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Letter: Ferry policy flies in the face of common sense

From left, Ed Coxworthy Sr., Kay Coxworthy and Ed Coxworthy Jr. leave the elevator, walk down a short ramp and head for their vehicle after the MV Legionnaire docked in Portugal Cove-St. Philip’s Thursday. The senior couple has concerns for their safety with having to leave their vehicle during the 20-minute Bell Island ferry crossing.
From left, Ed Coxworthy Sr., Kay Coxworthy and Ed Coxworthy Jr. leave the elevator, walk down a short ramp and head for their vehicle after the MV Legionnaire docked in Portugal Cove-St. Philip’s Thursday. The senior couple has concerns for their safety with having to leave their vehicle during the 20-minute Bell Island ferry crossing.

 

According to the Canada Shipping Act, a short–run ferry is a vessel that regularly operates over the most direct water route between two points not more than five kilometres apart that is limited to the transport of unberthed passengers and cargo transport units carried on an open vehicle deck.

The Flanders and the Legionnaire have open vehicle decks.

With the British Columbia Ferry Service, passengers on ferries with open vehicle decks are recommended to return to their cars 20 minutes before arrival. The run from Bell Island-Portugal Cove is approximately 20 minutes.

Our provincial government policy is that “No passenger shall remain in their vehicle or on the vehicle deck during the transit of the ferry.”

This policy is detrimental and puts passengers in danger while travelling via the “state of the art” ferry system.

We have sick, elderly people going to St. John’s up to three times weekly for dialysis treatments. Dragging them to the elevator is unsafe, cruel and demeaning.

We have patients who have had major surgery just discharged from hospital forced to the passenger lounge to be made more uncomfortable.

This policy is detrimental and puts passengers in danger while travelling via the “state of the art” ferry system.

There is currently one passenger recovering from the effects of a stroke and receiving chemotherapy for bone cancer. He is forced to go to the ferry lounge.

There are patients receiving chemotherapy and radiation whose immune systems are compromised. To simply wear a mask will not prevent possible infections.

Yet for the safety of travellers on the ferry, this government believes in                endangering their health. The ferries offer no “safe” surroundings for ill patients. They are seated next to the general public who are coughing, sneezing and spreading germs to people who are already sick.

The Flanders’ lounge can seat only eight people. Given that some passengers require caregivers to assist them, some have to stand. This cannot be safe.

Some passengers can’t walk the distance from the elevator to the lounges. Providing wheelchairs does not diminish the suffering and indignity that a person suffers while waiting for a chair.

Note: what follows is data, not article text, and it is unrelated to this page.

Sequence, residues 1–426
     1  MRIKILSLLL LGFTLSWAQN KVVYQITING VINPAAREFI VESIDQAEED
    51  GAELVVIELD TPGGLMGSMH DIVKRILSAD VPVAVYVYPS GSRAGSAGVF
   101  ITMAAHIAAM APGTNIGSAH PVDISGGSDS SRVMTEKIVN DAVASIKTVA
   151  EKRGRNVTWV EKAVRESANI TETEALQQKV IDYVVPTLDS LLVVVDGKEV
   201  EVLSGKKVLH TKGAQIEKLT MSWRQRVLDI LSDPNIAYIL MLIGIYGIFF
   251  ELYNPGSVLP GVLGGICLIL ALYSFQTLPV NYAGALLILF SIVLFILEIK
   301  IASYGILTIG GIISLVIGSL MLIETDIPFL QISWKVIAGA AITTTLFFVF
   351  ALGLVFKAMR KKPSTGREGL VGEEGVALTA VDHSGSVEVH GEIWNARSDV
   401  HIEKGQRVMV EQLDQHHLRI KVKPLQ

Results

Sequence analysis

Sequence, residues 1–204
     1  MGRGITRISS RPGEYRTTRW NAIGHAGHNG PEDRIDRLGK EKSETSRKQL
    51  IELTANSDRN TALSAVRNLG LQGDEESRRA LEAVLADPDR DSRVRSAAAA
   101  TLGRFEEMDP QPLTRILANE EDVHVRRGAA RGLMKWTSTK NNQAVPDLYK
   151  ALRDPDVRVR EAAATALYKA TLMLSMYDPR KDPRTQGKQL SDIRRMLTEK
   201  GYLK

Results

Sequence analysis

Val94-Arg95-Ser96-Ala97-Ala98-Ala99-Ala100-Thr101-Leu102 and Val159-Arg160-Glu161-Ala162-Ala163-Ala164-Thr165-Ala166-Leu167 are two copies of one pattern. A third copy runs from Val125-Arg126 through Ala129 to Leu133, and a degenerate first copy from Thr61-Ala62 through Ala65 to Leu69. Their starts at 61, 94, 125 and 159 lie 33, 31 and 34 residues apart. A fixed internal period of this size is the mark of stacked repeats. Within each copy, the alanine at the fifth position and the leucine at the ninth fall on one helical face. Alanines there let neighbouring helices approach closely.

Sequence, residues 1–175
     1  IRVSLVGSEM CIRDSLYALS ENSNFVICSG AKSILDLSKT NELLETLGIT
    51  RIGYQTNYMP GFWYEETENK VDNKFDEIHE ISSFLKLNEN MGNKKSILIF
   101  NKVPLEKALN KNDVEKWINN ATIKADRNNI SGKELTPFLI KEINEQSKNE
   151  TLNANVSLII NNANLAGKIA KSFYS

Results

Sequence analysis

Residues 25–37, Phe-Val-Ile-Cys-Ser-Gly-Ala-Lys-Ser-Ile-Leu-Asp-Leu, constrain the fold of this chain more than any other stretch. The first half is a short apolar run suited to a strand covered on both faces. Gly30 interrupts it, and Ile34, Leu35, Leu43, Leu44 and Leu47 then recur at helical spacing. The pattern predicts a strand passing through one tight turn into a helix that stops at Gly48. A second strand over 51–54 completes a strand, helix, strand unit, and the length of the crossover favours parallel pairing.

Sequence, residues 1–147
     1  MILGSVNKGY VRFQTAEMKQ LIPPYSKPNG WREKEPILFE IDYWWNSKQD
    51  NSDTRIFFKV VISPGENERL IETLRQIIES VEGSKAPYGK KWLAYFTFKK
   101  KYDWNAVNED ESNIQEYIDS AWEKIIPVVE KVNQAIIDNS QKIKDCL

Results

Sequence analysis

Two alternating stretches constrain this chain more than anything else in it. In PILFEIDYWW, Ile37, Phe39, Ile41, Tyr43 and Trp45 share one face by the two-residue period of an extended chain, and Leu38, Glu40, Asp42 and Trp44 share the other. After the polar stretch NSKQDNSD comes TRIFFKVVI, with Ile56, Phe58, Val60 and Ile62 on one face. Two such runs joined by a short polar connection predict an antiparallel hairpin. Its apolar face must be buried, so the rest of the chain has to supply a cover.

I have been told by a government official that the crew may assist passengers. Ferry crews are not trained to assist special needs passengers, nor should that be part of their duties. Not only do they put themselves in harm’s way, they subject themselves to possible legal liabilities.

The deck and stairs are slippery in inclement weather. An able-bodied person could fall, but for a person with a mobility disability, the possibility of a fall grows exponentially with the severity of the disability.

The government says safety is paramount. Who knows more about safety or has more concerns for the safety of a person than a doctor, who has a moral and legal obligation “to do no harm.” Overlooking a passenger’s doctor’s note is to put government on a slippery slope that could lead to lawsuits or worse still, a passenger’s death.

Following doctor’s orders and permitting passengers to remain in their vehicle would:

• Negate extra pain, suffering, health hazards and embarrassment to the affected individuals.

• Preserve privacy (in the name of human dignity) and courtesy for those who find themselves aged, incontinent or disabled.

In part of the draft on Information Bulletin No. 1: Vacating the Vehicle Deck, Returning to the Vehicle Deck (as posted in the waiting room), it states “Passengers with a mobility disability are to identify themselves to the vessel’s crew during the ticketing or boarding process. For a person who has a mobility disability that can’t get to the passenger lounge safely and with dignity, the risk involved with moving to the passenger lounge may exceed the risk involved with remaining in their vehicle. In such cases, the captain may allow the passenger to stay in their vehicle provided there are sufficient personnel available to assist if required and/or an alternate emergency evacuation plan is developed that recognizes the individual’s unique situation.”

I have a copy of that draft.

Common sense, not bureaucratic nonsense, should be the order of the day.

Do the right and just thing. Let passengers with a mobility disability remain in their vehicle.

 

Kathleen Crane

Bell Island

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